Statistical analyses were performed using R version 3.4.0 (The R Foundation) and GraphPad Prism 7.0 (GraphPad Software). Demographic characteristics and clinical tests were compared between groups using χ2 test for dichotomous and categorical variables or Mann-Whitney test for numerical variables. Structural and microstructural differences between C9+ and C9− participants were assessed using linear mixed-effects models. We used real age and group (ie, mutation status) as fixed effects and family membership as random effect, with the following model:
Yik(j) = μ + β × Genderi + λ × Agei + η × Groupi + Uk + Εik(j),
where Yik(j) is the response of the jth region of interest for the ith participant and the kth family; Genderi, Agei, and Groupi are the fixed effects; μ, β, λ, and η are their estimated parameters; Uk is the random effect measuring the difference between the average response in the family and in the whole population; and Εik(j) is the random error.
The correlation between real age and expected years to onset was assessed using Pearson correlation coefficient. Correlations between clinical scores and structural or microstructural measures in presymptomatic carriers were assessed using Spearman correlation coefficient. All P values were 2-tailed, and statistical significance was set at P < .05. Corrections for multiple comparisons were performed using Benjamini-Hochberg method. All statistical analyses were performed independently by 2 scientists (J.W. and M.H.).
There were no statistical differences between C9+ and C9− participants regarding age at evaluation and demographic characteristics (Table). In C9+ participants, real age and expected years to onset were strongly correlated (r2 = 0.802; 95% CI, 0.659-0.890; P < .001; eFigure 1 in the Supplement), with a mean (SD) estimated age at onset of 58.9 (4.9) years. C9+ participants had significantly lower praxis scores; this difference remained statistically significant in participants younger than 40 years (mean [SD] praxis score, 165.2 [3.4] vs 167.6 [0.6]; P = .04), who had a mean (SD) time to onset of 25.4 (8.1) years. Praxis score was significantly correlated with age in both C9+ and C9− individuals (Figure 1A). When analyzing the subscores of the praxis test, all were lower for the C9+ group, but statistical significance was reached only for the subscore of nontransitive gestures (Figure 1B); this difference remained statistically significant in participants younger than 40 years (mean [SD] nontransitive gesture score, 35.0 [1.7] vs 36.0 [0.0]; P = .04). Lastly, the total recall score of the free cued and recall test was significantly lower in C9+ individuals compared with C9− individuals (Figure 1C) but with a large overlap of scores between the 2 groups, and there was no significant difference among participants younger than 40 years (mean [SD] free cued and recall test score, 46.8 [1.3] vs 47.2 [1.4]; P = .08).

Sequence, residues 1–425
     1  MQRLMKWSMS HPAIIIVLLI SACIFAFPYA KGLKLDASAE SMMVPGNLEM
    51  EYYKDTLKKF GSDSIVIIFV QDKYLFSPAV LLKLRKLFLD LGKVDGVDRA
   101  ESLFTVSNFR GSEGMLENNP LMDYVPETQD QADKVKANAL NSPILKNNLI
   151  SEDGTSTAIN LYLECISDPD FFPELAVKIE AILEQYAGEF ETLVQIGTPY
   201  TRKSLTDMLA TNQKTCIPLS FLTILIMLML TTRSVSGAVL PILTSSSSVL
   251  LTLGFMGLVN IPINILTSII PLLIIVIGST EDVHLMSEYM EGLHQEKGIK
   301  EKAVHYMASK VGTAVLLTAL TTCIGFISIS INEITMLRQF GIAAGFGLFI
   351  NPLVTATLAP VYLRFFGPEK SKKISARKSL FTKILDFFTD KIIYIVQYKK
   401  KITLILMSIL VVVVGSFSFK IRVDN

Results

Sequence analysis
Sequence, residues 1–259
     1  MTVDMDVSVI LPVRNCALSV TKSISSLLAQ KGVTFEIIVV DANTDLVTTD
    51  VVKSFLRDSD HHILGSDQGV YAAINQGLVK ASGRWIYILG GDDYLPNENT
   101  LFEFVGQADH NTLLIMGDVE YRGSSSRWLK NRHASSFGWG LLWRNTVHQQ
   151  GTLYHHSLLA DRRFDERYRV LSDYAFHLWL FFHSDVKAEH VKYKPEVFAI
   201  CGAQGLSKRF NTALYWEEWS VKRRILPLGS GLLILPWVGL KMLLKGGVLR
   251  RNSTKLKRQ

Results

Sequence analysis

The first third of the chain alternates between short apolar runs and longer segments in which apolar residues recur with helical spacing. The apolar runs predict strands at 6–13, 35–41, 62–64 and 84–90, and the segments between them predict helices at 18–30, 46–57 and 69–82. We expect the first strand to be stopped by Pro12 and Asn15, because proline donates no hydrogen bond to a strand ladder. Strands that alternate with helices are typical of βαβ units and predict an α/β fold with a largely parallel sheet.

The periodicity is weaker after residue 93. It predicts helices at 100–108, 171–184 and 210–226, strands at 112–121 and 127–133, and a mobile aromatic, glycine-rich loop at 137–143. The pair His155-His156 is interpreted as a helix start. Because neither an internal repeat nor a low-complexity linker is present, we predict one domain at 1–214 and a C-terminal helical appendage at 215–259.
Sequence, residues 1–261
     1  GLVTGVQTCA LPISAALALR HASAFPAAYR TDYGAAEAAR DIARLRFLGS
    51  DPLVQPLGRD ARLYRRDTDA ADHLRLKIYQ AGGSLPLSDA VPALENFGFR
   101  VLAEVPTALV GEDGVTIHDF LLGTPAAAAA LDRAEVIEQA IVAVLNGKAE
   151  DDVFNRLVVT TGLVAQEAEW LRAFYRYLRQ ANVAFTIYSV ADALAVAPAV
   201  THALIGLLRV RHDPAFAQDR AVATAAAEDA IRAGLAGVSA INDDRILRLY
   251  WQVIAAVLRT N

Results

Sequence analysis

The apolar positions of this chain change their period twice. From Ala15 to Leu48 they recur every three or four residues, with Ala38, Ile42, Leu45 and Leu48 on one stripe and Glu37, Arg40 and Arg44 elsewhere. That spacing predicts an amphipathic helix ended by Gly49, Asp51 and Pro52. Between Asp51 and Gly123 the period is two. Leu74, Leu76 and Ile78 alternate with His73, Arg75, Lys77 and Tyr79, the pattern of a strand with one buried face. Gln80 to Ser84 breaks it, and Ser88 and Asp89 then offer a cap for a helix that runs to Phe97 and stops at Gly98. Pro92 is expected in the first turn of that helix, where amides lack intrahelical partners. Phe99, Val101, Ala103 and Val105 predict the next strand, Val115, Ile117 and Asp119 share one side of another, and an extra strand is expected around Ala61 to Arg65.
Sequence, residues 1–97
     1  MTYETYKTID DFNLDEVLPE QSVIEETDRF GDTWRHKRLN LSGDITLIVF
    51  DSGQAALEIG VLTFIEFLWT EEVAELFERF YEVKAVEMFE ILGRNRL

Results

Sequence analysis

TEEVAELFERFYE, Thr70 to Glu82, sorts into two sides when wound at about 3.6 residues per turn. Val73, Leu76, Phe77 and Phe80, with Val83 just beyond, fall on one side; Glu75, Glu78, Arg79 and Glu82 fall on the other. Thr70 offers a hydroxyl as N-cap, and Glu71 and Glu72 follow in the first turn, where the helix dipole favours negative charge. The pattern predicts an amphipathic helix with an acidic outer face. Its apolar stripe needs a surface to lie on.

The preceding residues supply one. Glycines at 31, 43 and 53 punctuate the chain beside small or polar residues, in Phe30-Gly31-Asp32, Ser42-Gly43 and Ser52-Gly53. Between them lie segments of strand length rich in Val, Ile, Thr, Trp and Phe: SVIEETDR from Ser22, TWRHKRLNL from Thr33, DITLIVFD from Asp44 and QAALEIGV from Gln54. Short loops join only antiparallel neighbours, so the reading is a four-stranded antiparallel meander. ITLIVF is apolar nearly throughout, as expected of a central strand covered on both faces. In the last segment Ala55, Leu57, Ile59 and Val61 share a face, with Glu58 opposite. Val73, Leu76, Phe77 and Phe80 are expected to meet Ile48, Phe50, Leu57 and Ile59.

Association of C9orf72 Mutation With Cortical Structures
C9+ participants showed diffuse cortical atrophy within the associative cortex, with a sparring of primary sensorimotor and visual cortex, frontobasal cortex, and superior temporal cortex (Figure 2A). After correction for multiple comparisons, this association remained significant for 1 frontal, 3 inferior temporal, and 4 parietal ROIs (Figure 2B) (eTable 1 in the Supplement). In these 8 ROIs, we performed the same analyses restricted to participants younger than 40 years and found significant atrophy within the right caudal middle frontal cortex, left and right precuneus cortex, and left supramarginal cortex.
Association of C9orf72 Mutation With Subcortical Structures
C9+ participants showed significant atrophy in the left and right thalamus compared with C9− participants (Figure 3A). After correction for multiple comparisons, this association remained significant for the right thalamus (Figure 3B) (eTable 2 in the Supplement) and persisted when restricting the analysis to participants younger than 40 years.
Association of C9orf72 Mutation With White Matter Microstructure
C9+ participants showed diffuse alteration of white matter microstructure (ie, decreased fractional anisotropy, increased mean diffusivity, axial diffusivity, and radial diffusivity), predominating in frontal regions and affecting corticospinal tracts bilaterally (Figure 4) (eTable 3 and eFigure 2 in the Supplement). Only for this modality, we observed that the oldest C9+ participant was an outlier for some DTI metrics (eFigure 2 in the Supplement); to make sure that results were not driven by this outlier, we performed the same analyses without this participant and still found significant differences in 23 DTI metrics (instead of 27) within the same white matter tracts. After correction for multiple comparisons, 8 tracts remained significantly altered: the left corticospinal tract, the right anterior thalamic radiation, 4 tracts connected to the frontal lobes (ie, forceps minor, bilateral inferior fronto-occipital fasciculus, and right superior longitudinal fasciculus), and 2 tracts connected to the temporal lobes (ie, bilateral inferior longitudinal fasciculus). In these tracts, we performed the same analyses restricted to participants younger than 40 years and still found significantly increased radial diffusivity and decreased fractional anisotropy within the right anterior thalamic radiation and increased radial diffusivity within the right forceps minor.